Because City Council districts in the study are made up of several smaller neighborhoods, King noted, the range from lowest to highest performers among districts was expected to be much smaller than what was uncovered in the report.
“Traditionally, most cities have a difference between development in the Inner Loop and Outside Loop or development on prime scenic property compared with not-so-scenic vistas,” King said. “However, neither of these occurrences explains the variation in differences among districts in Houston.”
King thinks that the answer may be found in the fact that most deed-restricted subdivisions are exclusively regulated for single-family, ranch-style housing, with the exclusion of any other type.
“This means that if an area is wealthy, it will continue to attract other wealthy persons in and around that area,” he said. “The converse is also true, that if an area is poor, there is little opportunity or incentive benefits currently available to attract either economic development or improved residential development.”
King noted that there are few examples of distressed neighborhoods being improved in the city of Houston, but there are several areas moving in the opposite direction.
“There’s a real need for greater incentives and new tools to tackle persistent development problems,” he said.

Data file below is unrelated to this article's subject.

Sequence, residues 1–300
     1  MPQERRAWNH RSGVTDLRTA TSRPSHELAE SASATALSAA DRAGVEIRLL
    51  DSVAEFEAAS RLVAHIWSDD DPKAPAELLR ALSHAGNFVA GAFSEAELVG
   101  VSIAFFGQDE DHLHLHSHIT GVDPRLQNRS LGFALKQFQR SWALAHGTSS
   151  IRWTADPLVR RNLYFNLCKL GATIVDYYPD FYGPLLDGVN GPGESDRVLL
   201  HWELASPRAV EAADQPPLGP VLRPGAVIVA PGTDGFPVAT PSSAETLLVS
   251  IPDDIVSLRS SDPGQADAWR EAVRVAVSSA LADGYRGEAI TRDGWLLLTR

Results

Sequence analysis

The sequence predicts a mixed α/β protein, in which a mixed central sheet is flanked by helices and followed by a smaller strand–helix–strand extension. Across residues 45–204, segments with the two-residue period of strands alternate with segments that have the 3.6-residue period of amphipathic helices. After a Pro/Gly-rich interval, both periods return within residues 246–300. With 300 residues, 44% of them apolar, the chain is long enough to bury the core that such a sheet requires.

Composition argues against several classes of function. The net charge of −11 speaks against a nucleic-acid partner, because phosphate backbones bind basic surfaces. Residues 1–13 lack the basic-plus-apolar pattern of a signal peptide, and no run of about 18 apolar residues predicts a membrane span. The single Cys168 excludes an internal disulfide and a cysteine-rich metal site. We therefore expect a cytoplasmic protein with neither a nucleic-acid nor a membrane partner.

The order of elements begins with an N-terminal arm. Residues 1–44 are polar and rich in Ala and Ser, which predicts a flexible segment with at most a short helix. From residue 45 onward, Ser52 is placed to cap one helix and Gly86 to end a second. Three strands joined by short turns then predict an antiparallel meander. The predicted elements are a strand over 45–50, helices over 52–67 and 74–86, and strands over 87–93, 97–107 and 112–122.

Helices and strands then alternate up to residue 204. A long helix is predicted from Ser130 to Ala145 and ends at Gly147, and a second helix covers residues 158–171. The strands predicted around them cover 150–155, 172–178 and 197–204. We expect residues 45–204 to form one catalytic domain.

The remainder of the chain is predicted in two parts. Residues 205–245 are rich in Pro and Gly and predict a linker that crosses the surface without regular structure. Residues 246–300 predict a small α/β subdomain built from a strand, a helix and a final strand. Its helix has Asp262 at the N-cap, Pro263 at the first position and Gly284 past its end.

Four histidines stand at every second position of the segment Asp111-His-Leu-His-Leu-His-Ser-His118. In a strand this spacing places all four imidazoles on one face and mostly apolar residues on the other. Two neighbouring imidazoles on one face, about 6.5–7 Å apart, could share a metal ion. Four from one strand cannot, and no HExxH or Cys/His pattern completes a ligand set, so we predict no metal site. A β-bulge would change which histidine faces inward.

King pointed out that Houston, despite its low performance in sustainability, is still a wealthy city, which commands a $4 billion budget.
“This is good news, since a wealthy city has the necessary resources to become more sustainable,” King said. “The problem in Houston is not one of scarce funds; it is a problem of making the right choices among competing interests.”
The report was created as part of the Houston Sustainability Indicators Project, which measured development among districts in Houston based on identified sustainable development indicators. It is a follow-up to “Houston Sustainability Indicators: A Comprehensive Development Review for Citizens, Analysts and Decision Makers,” a study based on development performance at the city level using data collected for 1990, 2000 and 2010. The first document in the series was “Measuring City Sustainability: Project Houston.” The reports were funded by Rice’s Shell Center for Sustainability and are available online at http://shellcenter.rice.edu.
The report’s findings will be discussed at the Shell Center’s Sustainable Development Town Hall Meeting Oct. 8 and 9 on the Rice campus. For more information or to register, visit http://shellcenter.rice.edu/Content.aspx?id=2147484188.
For more information, contact Amy Hodges, senior media relations specialist at Rice, at 713-348-6777 or email@example.com.
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Shell Center for Sustainability: http://shellcenter.rice.edu/